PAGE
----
Buying in Austria
Buying a property in Austria is mostly defined by EU-standard with some local variations.
The normal procedure is that the buyer does a purchase offer including the main facts that are crucial for a following purchase contract prepared by a lawyer or notary public. Signing of a purchase contract has to be documented by a notary public for registration in the land register.
There are two stages of a contract. Firstly when an offer (even hand written or spoken) is accepted it is binding following Austrian law although everything than a written contract is hard to proof. The second step to get into real estate ownership is the registration in the land register. Until registration the seller still is owner although he is obliged by the contract.
During these two phases the purchase price (or parts of it) normally are paid to an escrow account which is established by the contract preparing lawyer or notary public. There are serious laws regulating escrow procedures with obligate insurance. So there is nearly no risk in the money transfer at a property deal. The seller gets his money after the buyer is secure to be registered in the agreed legal and financial position.
Depending on the agreed time frame between signing the contract and handing over of the property the splitting of the purchase price may vary.
In general all EU citizens are treated the same as Austrian buyers. Nevertheless there are local legal differences, that vary within the 9 Austrian states. The different ground transfer laws are executed by the local municipalities controlled or overruled by the state authorities.
Acquiring permanent residences is free for EU citizens. Non EU citizens need a special permission that takes several months and is only given if they are going to work in Austria or there is another reason that appears recognizable for the common interest.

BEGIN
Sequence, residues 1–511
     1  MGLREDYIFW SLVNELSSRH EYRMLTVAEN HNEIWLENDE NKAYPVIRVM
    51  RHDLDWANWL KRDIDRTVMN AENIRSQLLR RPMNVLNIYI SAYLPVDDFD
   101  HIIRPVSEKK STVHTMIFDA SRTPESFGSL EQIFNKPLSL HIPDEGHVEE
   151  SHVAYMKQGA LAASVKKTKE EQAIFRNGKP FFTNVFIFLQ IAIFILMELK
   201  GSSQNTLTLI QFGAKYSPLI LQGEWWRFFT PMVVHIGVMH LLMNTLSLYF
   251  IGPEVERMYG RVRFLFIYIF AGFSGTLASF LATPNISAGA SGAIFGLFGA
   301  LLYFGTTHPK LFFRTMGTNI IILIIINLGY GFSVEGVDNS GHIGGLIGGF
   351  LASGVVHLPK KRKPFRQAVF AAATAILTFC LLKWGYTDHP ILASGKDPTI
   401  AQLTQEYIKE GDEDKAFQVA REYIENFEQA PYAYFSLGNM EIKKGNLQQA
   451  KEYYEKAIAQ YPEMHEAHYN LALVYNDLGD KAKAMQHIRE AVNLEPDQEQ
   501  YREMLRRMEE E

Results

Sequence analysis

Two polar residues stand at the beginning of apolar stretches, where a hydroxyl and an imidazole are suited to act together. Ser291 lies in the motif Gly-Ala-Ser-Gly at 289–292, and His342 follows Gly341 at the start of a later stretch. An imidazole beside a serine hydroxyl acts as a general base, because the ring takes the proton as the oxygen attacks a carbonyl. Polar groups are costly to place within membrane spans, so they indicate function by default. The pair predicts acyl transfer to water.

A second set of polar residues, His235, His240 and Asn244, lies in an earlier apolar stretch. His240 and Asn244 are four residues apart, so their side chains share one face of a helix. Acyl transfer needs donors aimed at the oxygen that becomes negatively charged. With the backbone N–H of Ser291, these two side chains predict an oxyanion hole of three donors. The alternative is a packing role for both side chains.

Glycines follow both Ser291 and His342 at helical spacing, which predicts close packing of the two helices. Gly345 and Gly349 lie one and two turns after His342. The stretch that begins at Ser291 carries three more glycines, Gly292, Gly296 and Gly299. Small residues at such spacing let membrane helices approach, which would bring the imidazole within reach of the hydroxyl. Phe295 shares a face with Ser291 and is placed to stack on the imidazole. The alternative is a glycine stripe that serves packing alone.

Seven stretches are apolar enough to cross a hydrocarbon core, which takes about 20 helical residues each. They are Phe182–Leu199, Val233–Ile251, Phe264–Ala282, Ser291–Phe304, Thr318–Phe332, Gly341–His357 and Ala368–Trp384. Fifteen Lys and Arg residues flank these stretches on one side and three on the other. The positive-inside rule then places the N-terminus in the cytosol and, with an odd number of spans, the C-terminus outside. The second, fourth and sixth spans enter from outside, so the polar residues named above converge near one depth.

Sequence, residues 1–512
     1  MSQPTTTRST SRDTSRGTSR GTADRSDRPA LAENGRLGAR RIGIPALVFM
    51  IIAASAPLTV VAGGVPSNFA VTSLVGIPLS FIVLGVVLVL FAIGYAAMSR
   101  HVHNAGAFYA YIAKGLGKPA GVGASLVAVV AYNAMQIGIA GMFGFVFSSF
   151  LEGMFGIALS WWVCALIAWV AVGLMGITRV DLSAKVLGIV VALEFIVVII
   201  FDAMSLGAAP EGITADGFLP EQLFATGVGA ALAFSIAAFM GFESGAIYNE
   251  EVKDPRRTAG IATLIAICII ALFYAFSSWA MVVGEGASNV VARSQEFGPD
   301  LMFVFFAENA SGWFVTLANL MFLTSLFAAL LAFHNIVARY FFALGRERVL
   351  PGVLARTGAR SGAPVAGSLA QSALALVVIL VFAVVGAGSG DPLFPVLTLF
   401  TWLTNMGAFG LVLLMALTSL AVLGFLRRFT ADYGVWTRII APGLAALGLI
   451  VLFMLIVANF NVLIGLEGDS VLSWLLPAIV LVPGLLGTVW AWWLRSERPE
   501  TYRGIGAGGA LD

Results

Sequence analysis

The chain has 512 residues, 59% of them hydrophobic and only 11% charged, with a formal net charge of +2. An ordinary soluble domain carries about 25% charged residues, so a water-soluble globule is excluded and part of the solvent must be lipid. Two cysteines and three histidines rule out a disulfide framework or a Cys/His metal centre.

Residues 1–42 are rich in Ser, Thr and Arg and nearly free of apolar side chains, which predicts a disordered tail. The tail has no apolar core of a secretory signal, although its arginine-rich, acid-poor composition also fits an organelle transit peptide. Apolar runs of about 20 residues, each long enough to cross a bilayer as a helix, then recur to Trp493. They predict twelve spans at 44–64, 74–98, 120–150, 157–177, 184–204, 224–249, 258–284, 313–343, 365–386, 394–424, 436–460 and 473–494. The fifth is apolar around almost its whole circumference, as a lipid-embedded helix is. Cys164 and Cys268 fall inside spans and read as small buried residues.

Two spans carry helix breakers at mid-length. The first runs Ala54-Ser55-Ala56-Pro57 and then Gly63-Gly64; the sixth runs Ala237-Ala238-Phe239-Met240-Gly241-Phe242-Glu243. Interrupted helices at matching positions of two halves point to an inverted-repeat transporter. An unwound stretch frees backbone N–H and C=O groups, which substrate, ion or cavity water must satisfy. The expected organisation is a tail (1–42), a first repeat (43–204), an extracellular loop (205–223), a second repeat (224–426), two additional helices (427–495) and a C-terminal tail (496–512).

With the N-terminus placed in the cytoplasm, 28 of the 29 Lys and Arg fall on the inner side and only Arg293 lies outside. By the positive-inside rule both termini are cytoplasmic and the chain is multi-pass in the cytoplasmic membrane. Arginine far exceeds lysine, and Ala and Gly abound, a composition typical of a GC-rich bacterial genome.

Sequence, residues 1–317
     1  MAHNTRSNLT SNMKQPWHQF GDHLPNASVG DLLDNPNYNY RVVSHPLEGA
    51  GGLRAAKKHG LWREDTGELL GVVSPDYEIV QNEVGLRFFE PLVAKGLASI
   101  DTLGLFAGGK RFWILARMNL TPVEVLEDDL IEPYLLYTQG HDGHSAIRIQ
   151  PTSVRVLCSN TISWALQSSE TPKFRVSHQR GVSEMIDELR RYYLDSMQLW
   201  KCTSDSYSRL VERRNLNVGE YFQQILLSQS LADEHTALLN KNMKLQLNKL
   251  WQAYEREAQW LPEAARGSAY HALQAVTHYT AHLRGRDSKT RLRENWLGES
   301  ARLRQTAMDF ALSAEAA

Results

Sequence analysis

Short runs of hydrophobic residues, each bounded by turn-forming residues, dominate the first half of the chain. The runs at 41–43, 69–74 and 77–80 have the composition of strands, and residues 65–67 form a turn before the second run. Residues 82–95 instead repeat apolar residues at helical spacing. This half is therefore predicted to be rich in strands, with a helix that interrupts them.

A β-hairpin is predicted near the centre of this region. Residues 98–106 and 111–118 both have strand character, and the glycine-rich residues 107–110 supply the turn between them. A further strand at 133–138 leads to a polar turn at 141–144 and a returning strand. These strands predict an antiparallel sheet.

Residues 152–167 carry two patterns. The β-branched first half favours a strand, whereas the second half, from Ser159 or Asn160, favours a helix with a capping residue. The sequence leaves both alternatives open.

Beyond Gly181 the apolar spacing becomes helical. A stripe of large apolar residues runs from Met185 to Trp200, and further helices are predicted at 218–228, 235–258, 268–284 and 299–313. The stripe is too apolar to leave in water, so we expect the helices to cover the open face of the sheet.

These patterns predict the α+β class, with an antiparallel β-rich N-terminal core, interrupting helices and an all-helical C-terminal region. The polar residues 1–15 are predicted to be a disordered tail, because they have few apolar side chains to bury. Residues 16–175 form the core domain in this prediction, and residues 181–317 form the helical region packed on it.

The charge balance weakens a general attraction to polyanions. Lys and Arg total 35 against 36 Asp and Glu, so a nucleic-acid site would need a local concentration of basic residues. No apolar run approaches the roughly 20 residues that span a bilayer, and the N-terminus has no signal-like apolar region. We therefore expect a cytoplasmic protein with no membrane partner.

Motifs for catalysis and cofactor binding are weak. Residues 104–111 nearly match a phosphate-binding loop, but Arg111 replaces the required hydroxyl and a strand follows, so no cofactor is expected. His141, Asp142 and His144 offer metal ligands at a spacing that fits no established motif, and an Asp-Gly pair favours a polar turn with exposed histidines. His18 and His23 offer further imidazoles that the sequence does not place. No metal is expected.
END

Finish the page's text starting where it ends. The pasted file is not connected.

Acquiring a second residence is restricted in most western states of Austria and more liberal in central and eastern states. Most restrictions are in Tyrol and Vorarlberg, similar in Salzburg and Carynthia. More liberal are Upper Austria, lower Austria, Burgenland and Vienna.
Mayors are mainly deciding which properties or how many properties in a village or region are allowed to be acquired for second residential use. In general existing second residences can be sold/acquired for this use again. In many regions no new second residential areas are dedicated. There are local annual taxes for second residences which are not significantly high.
Hard to work with is the fact that there are some legal restrictions that have not been executed in some states for years.
Additional information about the buying process in Austria:
In Austria, restricitions regarding the purchase of secondary residences exist. In general, the purchase of secondary residence has to be approved by the local authorities. However, citizens of the European Union are able to acquire real estate without any restrictions in case they establish their legal residence in Austria.
The sale of real estate requires a notarised sales contract upon which the purchase price is deposited in an escrow account. Ownership is subsequently transferred with registration with the land registry.
Associated costs may include lawyer´s fees, notary fees (approx. 1 % to 2 % of the sales price plus VAT), registration fees (1 %) and property transfer tax (3,5 % of the sales price).
Commissions of real estate brokers vary, but will mostly be based for both buyers and sellers at approx. 3 % of the purchase price (plus VAT).
Some information about the current market:
Prices for luxury apartments are currently based between € 4.000,-- and € 10.000,-- per m² in Vienna.
Detached villas and similar properties fetch between € 3.000,-- and € 6.000,-- per m² in Vienna.
An average medium sized villa in a good location will usually cost arround € 1,5 – 2 million in Vienna.
The most sought areas in Vienna are the city center and the 13 th, 18 th, 19 th district.
Vienna has a very high living standard and it´s currently very popular for wealthy people from eastern europe to have a second home in the city center of Vienna. The prices for luxury apartments increases drastic over the last years.
Wealth tax in Austria is lower than in many other european countries.